Friday, May 13, 2011

Forget the ball, don't drop the food! (a prequel)

Recently I was making beef ravioli (in Montana we eat meat) for my almost two-year old daughters for supper. I carefully split the amount evenly between two plates and put them in the freezer for a minute to make sure they wouldn't be too hot for them. The first plate was retrieved safely and passed on to my wife and I then turned back to the freezer to get the second plate. I reached in an grabbed it, began to turn, and it slipped from my hand, bouncing off my chest, the wall and then onto the floor. "Ah Nellie!" I stared at the ground, tomato sauce splattered onto me from head to toe (as well as the wall and refrigerator), looking at the beef ravioli on the floor. I was really disappointed, not so much by the mess that I had just created, but because I had gotten the beef ravioli special for my girls and had dropped it all over the floor.

As a husband and a father I must see to the needs of my family. Physical needs are very important to young children. Without proper shelter, warmth, water and food a child can become malnourished and die. That's not going to happen in my house. But children have more than just physical needs. They have spiritual needs as well. They need Christ.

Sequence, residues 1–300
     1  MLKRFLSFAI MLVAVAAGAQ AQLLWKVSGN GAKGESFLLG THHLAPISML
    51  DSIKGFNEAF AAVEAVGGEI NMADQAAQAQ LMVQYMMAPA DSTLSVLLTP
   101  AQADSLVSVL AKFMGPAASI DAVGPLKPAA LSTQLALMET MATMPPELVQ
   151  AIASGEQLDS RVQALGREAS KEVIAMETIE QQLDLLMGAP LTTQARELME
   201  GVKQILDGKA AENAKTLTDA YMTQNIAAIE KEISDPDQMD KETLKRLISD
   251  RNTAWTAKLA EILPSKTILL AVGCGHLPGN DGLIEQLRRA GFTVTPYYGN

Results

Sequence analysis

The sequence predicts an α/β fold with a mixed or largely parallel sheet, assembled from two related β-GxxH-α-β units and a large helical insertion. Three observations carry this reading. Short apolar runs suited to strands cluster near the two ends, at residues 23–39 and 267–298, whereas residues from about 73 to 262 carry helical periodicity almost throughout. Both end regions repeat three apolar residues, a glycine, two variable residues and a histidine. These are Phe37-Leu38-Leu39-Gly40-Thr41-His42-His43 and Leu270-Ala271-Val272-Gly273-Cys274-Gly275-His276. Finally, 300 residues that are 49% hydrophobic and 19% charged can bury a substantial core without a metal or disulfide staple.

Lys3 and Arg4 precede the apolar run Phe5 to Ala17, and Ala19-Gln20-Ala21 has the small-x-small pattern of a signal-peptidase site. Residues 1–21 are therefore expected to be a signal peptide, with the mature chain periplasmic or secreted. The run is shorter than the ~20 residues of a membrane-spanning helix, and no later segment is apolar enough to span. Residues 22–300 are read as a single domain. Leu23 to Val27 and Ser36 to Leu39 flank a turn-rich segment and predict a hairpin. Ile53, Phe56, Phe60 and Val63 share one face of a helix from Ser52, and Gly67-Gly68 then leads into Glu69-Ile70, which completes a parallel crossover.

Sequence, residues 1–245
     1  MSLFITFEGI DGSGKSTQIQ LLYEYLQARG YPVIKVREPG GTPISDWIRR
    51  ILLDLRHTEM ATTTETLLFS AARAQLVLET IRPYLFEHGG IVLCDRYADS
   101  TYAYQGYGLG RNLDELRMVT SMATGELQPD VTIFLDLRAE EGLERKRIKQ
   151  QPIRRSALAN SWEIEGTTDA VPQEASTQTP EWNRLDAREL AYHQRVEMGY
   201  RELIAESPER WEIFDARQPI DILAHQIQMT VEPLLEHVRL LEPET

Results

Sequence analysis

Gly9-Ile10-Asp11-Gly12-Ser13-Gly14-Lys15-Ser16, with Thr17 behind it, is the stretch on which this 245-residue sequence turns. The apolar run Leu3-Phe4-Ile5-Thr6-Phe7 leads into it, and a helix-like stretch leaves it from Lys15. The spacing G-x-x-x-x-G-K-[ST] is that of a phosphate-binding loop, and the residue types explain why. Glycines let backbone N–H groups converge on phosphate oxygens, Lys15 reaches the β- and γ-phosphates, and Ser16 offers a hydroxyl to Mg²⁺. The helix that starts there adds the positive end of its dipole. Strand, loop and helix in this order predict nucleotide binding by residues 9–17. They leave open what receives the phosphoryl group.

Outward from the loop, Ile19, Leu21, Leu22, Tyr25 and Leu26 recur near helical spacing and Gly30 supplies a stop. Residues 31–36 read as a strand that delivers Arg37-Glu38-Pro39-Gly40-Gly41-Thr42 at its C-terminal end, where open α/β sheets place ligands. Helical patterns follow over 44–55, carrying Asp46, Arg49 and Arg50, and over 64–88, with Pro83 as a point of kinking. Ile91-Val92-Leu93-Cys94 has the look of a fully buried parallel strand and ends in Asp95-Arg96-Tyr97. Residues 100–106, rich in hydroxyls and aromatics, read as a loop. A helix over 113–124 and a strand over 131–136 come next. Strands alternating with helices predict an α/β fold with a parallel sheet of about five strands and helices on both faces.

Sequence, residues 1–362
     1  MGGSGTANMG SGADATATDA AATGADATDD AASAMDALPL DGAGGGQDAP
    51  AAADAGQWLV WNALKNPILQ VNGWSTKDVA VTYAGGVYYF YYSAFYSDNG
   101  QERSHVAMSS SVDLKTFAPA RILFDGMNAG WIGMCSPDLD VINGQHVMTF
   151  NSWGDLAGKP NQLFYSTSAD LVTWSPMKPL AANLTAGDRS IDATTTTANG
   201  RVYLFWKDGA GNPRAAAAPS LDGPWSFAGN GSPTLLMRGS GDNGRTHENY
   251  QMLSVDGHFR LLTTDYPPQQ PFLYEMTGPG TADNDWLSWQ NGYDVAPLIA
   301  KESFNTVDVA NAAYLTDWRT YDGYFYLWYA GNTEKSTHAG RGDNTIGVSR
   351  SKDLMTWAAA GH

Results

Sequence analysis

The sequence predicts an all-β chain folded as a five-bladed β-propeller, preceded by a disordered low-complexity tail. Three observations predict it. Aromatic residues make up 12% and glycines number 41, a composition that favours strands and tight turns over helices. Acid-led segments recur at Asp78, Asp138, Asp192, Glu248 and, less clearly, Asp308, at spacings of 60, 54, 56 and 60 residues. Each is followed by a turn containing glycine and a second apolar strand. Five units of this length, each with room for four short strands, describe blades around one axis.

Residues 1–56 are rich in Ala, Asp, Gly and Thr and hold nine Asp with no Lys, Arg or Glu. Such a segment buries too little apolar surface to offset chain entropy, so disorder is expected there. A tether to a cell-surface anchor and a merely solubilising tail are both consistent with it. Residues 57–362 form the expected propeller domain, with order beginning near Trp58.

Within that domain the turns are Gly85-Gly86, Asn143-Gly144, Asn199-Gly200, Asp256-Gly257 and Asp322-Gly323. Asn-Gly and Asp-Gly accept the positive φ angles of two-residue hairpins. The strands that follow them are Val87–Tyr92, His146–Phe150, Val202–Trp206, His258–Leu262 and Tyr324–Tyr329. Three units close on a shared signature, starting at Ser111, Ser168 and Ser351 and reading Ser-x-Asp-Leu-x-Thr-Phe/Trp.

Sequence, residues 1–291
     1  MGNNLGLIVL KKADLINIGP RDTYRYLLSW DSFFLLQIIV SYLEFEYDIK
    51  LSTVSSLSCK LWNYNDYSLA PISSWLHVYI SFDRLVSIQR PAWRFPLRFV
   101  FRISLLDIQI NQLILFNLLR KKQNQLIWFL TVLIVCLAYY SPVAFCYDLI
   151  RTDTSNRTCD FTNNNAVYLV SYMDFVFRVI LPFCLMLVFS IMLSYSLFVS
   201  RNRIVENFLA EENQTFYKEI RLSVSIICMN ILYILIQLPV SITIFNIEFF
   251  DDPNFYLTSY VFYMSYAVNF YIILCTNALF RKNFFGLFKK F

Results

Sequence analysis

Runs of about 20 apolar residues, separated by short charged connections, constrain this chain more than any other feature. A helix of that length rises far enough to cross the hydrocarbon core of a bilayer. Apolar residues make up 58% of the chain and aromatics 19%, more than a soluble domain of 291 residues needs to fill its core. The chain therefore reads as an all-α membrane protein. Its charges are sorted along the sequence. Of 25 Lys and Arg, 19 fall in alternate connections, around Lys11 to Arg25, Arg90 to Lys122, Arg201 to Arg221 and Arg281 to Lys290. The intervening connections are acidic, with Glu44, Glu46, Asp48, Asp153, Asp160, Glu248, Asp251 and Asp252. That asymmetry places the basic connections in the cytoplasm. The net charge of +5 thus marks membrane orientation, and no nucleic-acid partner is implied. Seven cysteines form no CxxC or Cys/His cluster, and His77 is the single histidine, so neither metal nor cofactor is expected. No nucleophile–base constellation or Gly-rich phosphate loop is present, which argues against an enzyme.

Whose responsibility is it to see to the spiritual needs of your children? Does it lie with you? Does it lie with the church? That does seem to be the attitude (and practice) of many. This is the start of a short series I'm calling "Teaching Kids: Isn't that the church's job?"

As I stood there in my wife's kitchen covered with tomato sauce, beef ravioli on the floor, I also stood there a forgiven sinner covered by the shed blood of Christ. I've been saved by grace alone, through faith alone, in Christ alone. Salvation is only in Christ. We don't deserve this, can't buy this or do enough good things to earn this. We know this, but do your children? Whose responsibility is it to teach them this?

Jesu Juva
Soli Deo Gloria

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